Massive Midwest Floods Reach 'Historic' Proportions Severe flooding continues in the midwest. Heavy rains are keeping the Mississippi River above flood stage, and it's expected to remain a flood threat through next week. Iowa is getting the worst of what the National Weather Service is calling a "historic hydrological event."

Massive Midwest Floods Reach 'Historic' Proportions

Massive Midwest Floods Reach 'Historic' Proportions

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Severe flooding continues in the midwest. Heavy rains are keeping the Mississippi River above flood stage, and it's expected to remain a flood threat through next week. Iowa is getting the worst of what the National Weather Service is calling a "historic hydrological event."

BILL WOLFF: From NPR News in New York. This is the Bryant Park Project.

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MIKE PESCA, host:

Overlooking historic Bryant Park in midtown Manhattan, live from NPR studios, this is the Bryant Park Project from NPR News. News, information, Friday the 13th.

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PESCA: I'm Mike Pesca, and thanks to the scary movie, I have just wet myself. It is, indeed, Friday the 13th, 2008. Jason Voorhees, a criminal so brilliant he wore a hockey mask that didn't even had a painted eagle or a brick wall on it, like the goalies of today's do. You know, by wearing the mask, you know, he turned that from, oh, that's a goalie mask.

Now people see that white mask, and just say, oh, that's Jason from "Friday the 13th." It's when one guy gets a fashion accessory and ruins it for everyone else. Sort of like Regis Philbin did with those tone-on-tone ties and the shirt. Used to my fashion go-to, now everyone's like, what are you, hosting "Who Wants to Be a Millionaire?"

We won't be talking about the movie, "Friday the 13th." We'll be talking about the actual phenomenon, Friday the 13th. We're going to explore some myths and legends surrounding the number 13 and this very day. How did it get to be such an awful number and an awful day?

Also on the show today, the Supreme Court handed down a decision that would give detainees of Guantanamo Bay, Cuba, the right to federal court to challenge their detention. We'll get an in-depth report from NPR's Nina Totenberg.

And as it is Friday, it means movies with our movie guy, Daniel Holloway. On the docket this weekend, the "Incredible Hulk," and the latest from M. Night Sh (ph) - how does he say his name? Shyamalan. I always get that wrong. As does, you know, most everyone else in Hollywood. His latest movie is called, "The Happening."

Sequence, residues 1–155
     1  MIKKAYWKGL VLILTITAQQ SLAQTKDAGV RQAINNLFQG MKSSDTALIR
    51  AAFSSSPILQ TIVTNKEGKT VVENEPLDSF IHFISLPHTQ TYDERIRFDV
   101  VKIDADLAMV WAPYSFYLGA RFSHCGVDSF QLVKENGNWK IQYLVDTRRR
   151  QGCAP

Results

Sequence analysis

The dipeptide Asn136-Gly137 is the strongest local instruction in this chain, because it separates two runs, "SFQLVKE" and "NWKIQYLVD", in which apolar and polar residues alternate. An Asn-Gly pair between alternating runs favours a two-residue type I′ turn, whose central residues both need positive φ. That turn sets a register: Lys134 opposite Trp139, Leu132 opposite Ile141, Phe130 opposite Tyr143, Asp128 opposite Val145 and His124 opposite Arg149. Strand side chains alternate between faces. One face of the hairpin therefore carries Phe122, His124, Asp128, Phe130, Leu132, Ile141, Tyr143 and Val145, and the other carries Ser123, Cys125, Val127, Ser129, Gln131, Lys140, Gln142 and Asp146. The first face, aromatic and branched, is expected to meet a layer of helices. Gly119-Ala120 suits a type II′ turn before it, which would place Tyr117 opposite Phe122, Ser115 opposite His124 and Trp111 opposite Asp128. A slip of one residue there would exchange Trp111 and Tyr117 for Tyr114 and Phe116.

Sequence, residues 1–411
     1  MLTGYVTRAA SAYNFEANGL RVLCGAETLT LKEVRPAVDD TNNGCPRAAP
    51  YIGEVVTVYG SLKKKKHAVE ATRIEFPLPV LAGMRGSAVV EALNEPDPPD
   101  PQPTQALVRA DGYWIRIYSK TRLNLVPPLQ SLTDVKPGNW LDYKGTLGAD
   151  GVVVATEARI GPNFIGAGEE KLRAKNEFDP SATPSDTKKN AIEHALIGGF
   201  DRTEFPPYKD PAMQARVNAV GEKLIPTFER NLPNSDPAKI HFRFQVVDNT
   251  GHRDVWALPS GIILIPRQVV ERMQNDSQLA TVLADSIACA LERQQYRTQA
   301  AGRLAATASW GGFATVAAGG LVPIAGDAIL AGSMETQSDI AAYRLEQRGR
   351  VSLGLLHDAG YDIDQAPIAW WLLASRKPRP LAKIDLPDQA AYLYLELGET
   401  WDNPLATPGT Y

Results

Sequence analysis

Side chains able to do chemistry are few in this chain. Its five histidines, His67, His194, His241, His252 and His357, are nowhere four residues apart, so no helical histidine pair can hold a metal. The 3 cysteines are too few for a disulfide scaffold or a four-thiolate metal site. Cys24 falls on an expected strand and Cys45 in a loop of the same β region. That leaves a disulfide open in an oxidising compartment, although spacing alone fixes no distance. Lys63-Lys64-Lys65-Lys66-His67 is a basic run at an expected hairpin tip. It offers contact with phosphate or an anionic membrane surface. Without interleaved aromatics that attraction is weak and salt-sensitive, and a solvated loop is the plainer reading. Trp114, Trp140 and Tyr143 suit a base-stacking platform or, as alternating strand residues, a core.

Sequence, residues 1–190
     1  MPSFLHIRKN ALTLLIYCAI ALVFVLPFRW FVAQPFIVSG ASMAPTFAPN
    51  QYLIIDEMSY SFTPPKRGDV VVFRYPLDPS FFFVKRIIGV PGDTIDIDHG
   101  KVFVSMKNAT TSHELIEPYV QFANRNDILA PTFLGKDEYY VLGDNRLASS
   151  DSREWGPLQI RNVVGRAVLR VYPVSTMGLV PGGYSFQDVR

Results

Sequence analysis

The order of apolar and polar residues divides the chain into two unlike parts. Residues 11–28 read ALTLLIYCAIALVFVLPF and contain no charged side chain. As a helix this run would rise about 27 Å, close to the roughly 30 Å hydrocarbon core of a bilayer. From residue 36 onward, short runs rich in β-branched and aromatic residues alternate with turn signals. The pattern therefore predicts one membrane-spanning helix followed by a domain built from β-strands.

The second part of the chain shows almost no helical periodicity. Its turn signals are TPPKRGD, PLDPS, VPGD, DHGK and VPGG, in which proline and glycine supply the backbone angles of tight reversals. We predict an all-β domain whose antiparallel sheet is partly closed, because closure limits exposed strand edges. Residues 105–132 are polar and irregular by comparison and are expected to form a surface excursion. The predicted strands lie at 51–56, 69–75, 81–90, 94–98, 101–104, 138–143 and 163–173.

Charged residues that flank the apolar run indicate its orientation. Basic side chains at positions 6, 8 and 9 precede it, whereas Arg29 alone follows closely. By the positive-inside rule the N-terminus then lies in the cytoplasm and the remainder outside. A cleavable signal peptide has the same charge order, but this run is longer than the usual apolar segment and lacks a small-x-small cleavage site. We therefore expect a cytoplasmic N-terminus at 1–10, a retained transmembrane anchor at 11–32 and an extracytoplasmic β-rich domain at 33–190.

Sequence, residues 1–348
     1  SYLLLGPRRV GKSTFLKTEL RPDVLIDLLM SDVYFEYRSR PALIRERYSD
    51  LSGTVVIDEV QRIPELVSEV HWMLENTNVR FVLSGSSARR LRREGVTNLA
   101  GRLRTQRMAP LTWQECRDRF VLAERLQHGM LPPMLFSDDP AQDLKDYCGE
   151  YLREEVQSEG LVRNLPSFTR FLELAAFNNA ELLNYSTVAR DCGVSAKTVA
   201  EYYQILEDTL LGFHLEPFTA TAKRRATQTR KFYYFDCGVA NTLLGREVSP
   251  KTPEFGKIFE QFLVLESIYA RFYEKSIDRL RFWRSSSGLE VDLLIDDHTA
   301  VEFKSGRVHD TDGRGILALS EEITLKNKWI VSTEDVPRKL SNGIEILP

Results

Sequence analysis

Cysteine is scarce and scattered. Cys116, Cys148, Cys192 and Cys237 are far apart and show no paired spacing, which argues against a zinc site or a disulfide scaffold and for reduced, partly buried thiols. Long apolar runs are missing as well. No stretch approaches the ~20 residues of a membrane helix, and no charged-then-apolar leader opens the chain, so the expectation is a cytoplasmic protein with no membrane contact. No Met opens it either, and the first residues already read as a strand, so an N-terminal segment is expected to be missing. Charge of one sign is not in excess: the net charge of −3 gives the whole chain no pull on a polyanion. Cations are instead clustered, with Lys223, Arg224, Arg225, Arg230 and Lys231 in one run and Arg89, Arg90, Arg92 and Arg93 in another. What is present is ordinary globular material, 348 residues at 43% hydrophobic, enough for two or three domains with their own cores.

Also a talk with the author of a new biography on Sonic Youth. And we will get today's headlines in just a minute, but first...

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PESCA: "A historic hydrological event." That's what the National Weather Service is calling the continuing flooding in Midwest, and Iowa is getting the worst of it. As that state mourns the four teens killed by a tornado that hit a Boy Scout camp there Wednesday night, Iowa enters its seventh day of major flooding. Iowa Governor Chet Culver.

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Governor CHET CULVER (Democrat, Iowa): We now have 55 counties across the state that have been declared state disaster areas. We continue to have very serious problems in just about every river in our state reaching all-time record flood levels.

PESCA: In Cedar Rapids, 100 city blocks have flooded, and more than 3,000 homes have been evacuated. Homes in Iowa City have been cleared as well, with residents in Des Moines being urged to leave. Governor Culver and FEMA Director David Paulison are set to tour flood-damaged areas today. Homeland Security Secretary Michael Chertoff says Iowa can depend on federal assistance.

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Secretary MICHAEL CHERTOFF (U.S. Department of Homeland Security): We will work as hard and as efficiently as we can to get everybody stabilized and back on their feet again and start the process of rebuilding as soon as possible.

PESCA: Thunderstorms added to floodwaters in Wisconsin yesterday. Power was shut off to hundreds of people outside of Madison. In southwestern parts of the state, flashfloods closed two highways and destroyed homes. Central and eastern parts of the state also saw tornados last night. In Minnesota yesterday, one man was killed when his car slid into floodwaters. The Cedar River has reached seven feet above sea level, and high water has also affected Indiana and Illinois this week.

The National Weather Service says the Midwest should get a break from heavy rains over the next few days, but communities in northern Missouri are sandbagging in anticipation of a swell in the Missouri River that's expected this weekend. And the Mississippi River remains a flood threat through next Wednesday. You can go to npr.org throughout the day for updates on this story. Now let's get some more of today's headlines with the BPP's Mark Garrison.

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